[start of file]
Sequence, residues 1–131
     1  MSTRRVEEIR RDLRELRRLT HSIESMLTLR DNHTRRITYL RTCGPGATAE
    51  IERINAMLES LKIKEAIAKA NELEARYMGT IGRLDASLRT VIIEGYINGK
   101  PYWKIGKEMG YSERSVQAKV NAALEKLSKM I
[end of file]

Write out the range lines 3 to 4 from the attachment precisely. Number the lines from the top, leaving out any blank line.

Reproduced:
    51  IERINAMLES LKIKEAIAKA NELEARYMGT IGRLDASLRT VIIEGYINGK
   101  PYWKIGKEMG YSERSVQAKV NAALEKLSKM I